List

The List module provides purely-functional, singly-linked lists.

List (type)

A singly-linked list consists of zero or more cons cells, wherein each cell contains a single list element (the cell’s head), and a pointer to the remainder of the list (the cell’s tail).

type List<T> = ?(T, List<T>);

nil

Create an empty list.

nil : <T> () -> List<T>

isNil

Check whether a list is empty and return true if the list is empty.

isNil : <T> List<T> -> Bool

push

Construct a list by pre-pending a value. This function is similar to a list.cons(item) function.

push : <T> (T, List<T>) -> List<T>

last

Return the last element of the list, if present.

last : <T> List<T> -> ?T

pop

Treat the list as a stack. This function combines the head and (non-failing) tail operations into one operation.

pop : <T> List<T> -> (?T, List<T>)

len

Return the length of the list.

len : <T> List<T> -> Nat

lenIsEqLessThan

Test the list length against a maximum value and return true if the list length is less than or equal to the value specified.

lenIsEqLessThan : <T> (List<T>, Nat) -> Bool

lenClamp

Return the list length unless the number of items in the list exceeds a maximum value. If the list length exceed the maximum, the function returns null.

lenClamp : <T> (List<T>, max : Nat) -> ?Nat

nth

Access any item in a list, zero-based.

Indexing into a list is a linear operation, and usually an indication that a list might not be the best data structure to use.
nth : <T>(List<T>, Nat) -> ?T

rev

Reverse the list; tail recursive.

rev : <T> List<T> -> List<T>

iter

Call the given function with each list element in turn.

This function is equivalent to the app function in Standard ML Basis, and the iter function in OCaml.

iter : <T>(List<T>, f : T -> ()) -> ()

map

Call the given function on each list element and collect the results in a new list.

map : <T,S>(List<T>, f : T -> S) -> List<S>

filter

Create a new list with only those elements of the original list for which the given function (often called the predicate) returns true.

filter : <T>(List<T>, p : T -> Bool) -> List<T>

split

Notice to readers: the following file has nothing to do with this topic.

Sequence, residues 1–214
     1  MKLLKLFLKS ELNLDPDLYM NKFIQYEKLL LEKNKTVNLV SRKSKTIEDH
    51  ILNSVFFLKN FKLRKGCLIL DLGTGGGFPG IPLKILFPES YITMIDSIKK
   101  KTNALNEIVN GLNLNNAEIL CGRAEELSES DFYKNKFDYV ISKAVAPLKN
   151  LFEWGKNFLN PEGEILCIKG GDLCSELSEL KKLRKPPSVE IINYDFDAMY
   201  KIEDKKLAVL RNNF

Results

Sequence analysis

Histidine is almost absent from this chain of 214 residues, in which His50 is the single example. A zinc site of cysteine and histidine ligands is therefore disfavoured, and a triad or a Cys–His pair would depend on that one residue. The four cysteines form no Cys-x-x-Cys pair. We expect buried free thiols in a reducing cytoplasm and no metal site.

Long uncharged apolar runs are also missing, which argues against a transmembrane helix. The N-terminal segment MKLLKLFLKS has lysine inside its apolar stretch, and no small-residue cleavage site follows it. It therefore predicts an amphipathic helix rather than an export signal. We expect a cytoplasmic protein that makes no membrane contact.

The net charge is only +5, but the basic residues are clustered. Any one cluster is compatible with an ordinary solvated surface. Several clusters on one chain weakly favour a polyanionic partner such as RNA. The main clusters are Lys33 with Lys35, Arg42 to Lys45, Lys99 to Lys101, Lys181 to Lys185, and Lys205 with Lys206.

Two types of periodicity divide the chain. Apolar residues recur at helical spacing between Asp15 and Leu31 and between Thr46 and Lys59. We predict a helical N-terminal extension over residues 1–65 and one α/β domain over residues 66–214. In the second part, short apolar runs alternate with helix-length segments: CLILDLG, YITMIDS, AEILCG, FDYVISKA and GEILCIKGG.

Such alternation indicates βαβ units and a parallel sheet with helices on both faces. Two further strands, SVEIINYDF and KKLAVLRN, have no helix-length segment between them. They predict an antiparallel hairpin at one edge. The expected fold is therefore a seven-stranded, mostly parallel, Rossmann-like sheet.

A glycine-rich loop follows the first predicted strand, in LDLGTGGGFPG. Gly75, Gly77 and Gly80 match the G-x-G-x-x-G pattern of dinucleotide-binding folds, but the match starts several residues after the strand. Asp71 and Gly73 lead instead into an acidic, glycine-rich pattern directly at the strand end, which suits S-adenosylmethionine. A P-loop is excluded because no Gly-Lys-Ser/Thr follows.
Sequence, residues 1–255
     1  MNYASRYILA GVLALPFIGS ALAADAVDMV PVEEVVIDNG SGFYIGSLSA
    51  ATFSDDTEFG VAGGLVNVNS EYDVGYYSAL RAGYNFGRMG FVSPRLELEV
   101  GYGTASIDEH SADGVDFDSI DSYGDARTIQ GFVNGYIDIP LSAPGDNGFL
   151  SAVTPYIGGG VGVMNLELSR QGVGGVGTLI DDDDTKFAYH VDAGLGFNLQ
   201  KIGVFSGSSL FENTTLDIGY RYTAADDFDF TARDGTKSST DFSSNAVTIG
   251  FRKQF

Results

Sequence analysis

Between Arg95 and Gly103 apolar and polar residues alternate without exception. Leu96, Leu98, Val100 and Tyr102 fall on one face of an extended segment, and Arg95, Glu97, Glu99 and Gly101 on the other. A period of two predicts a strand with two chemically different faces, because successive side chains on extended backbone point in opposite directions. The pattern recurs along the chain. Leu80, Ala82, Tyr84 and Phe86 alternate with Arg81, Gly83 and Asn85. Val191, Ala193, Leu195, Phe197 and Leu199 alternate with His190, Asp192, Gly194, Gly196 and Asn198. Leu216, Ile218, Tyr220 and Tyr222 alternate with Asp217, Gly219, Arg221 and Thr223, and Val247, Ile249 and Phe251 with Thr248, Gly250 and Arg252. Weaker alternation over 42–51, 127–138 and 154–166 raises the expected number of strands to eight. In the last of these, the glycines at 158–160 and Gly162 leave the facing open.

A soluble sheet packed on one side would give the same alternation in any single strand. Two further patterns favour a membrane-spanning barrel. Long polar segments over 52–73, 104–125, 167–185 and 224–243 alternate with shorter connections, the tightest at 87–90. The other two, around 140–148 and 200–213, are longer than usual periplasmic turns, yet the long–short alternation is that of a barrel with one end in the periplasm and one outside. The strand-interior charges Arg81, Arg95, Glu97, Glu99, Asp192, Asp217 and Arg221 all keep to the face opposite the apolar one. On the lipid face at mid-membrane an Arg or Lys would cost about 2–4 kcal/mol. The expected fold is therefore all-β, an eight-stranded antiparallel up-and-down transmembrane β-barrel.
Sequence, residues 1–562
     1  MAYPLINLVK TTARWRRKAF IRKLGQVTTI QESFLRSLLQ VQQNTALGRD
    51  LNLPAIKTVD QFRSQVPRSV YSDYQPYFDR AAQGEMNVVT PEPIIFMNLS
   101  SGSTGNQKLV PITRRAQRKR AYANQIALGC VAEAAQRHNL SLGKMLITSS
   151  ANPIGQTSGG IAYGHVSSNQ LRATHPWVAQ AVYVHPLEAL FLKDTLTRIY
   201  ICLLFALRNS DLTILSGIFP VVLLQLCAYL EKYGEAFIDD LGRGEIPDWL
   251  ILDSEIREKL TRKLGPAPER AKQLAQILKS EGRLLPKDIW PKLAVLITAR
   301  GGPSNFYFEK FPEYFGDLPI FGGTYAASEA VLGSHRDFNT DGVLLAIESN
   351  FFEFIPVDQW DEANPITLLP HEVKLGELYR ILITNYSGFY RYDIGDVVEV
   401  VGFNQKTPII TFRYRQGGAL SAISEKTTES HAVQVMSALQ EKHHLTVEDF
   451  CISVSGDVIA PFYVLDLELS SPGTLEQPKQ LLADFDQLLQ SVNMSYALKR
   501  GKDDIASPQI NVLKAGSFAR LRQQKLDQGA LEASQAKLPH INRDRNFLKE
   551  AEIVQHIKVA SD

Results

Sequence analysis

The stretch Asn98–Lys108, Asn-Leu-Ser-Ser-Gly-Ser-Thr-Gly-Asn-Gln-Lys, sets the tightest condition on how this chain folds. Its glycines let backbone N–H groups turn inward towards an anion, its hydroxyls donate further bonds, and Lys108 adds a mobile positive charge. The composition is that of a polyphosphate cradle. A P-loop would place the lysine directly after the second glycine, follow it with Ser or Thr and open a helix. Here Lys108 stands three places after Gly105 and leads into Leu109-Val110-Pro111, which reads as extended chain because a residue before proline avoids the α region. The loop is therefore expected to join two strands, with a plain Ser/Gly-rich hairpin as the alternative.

Create two new lists from the results of a given function (f). The first list only includes the elements for which the given function f returns true and tThe second list only includes the elements for which the function returns false.

In some languages, this operation is also known as a partition function.

split : <T>(List<T>, f : T -> Bool) -> (List<T>, List<T>)

mapFilter

Call the given function on each list element, and collect the non-null results in a new list.

mapFilter : <T,S>(List<T>, f : T -> ?S) -> List<S>

append

Append the elements from one list to another list.

append : <T>(List<T>, List<T>) -> List<T>

concat

Concatenate a list of lists.

In some languages, this operation is also known as a list join.

concat : <T>(List<List<T>>) -> List<T>

take

Take the n number of elements from the prefix of the given list. If the given list has fewer than n elements, this function returns a copy of the full input list.

take : <T>(List<T>, n:Nat) -> List<T>

Drop all but the first n elements from the given list.

drop

drop : <T>(List<T>, n:Nat) -> List<T>

foldLeft

Fold the list left-to-right using the given function (f).

foldLeft : <T,S>(List<T>, S, f : (T,S) -> S) -> S

foldRight

Fold the list right-to-left using the given function (f).

foldRight : <T,S>(List<T>, S, f : (T,S) -> S) -> S

find

Return the first element for which the given predicate f is true, if such an element exists.

find : <T>(l: List<T>, f : T -> Bool) -> ?T

exists

Return true if there exists a list element for which the given predicate f is true.

exists : <T>(List<T>, f : T -> Bool) -> Bool

all

Return true if the given predicate f is true for all list elements.

all : <T>(List<T>, f : T -> Bool) -> Bool

merge

Merge two ordered lists into a single ordered list. This function requires both list to be ordered as specified by the given relation lte.

merge : <T>(List<T>, List<T>, lte : (T,T) -> Bool) -> List<T>

lessThanEq

Compare two lists using lexicographic ordering specified by the given relation lte.

lessThanEq : <T>(List<T>, List<T>, lte: (T,T) -> Bool) -> Bool

isEq

Compare two lists for equality as specified by the given relation eq on the elements.

but the former is more efficient.

isEq : <T>(List<T>, List<T>, eq : (T,T) -> Bool) -> Bool

tabulate

Generate a list based on a length and a function that maps from a list index to a list element.

tabulate : <T>(Nat, f : Nat -> T) -> List<T>

singleton

Create a list with exactly one element.

singleton : <X> X -> List<X>

replicate

Create a list of the given length with the same value in each position.

replicate : <X>(Nat, X) -> List<X>

zip

Create a list of pairs from a pair of lists.

If the given lists have different lengths, then the created list will have a length equal to the length of the smaller list.

zip : <X, Y>(List<X>, List<Y>) -> List<(X, Y)>

zipWith

Create a list in which elements are calculated from the function f and include elements occuring at the same position in the given lists.

If the given lists have different lengths, then the created list will have a length equal to the length of the smaller list.

zipWith : <X, Y, Z>(List<X>, List<Y>, f : (X, Y) -> Z) -> List<Z>

splitAt

Split the given list at the given zero-based index.

splitAt : <X>(Nat, List<X>) -> (List<X>, List<X>)

chunksOf

Split the given list into chunks of length n. The last chunk will be shorter if the length of the given list does not divide by n evenly.

chunksOf : <X>(Nat, List<X>) -> List<List<X>>

fromArray

Convert an array into a list.

fromArray : <A>[A] -> List<A>

fromArrayMut

Convert a mutable array into a list.

fromArrayMut : <A>[var A] -> List<A>

toArray

Create an array from a list.

toArray : <A> List<A> -> [A]

toArrayMut

Create a mutable array from a list.

toArrayMut : <A> List<A> -> [var A]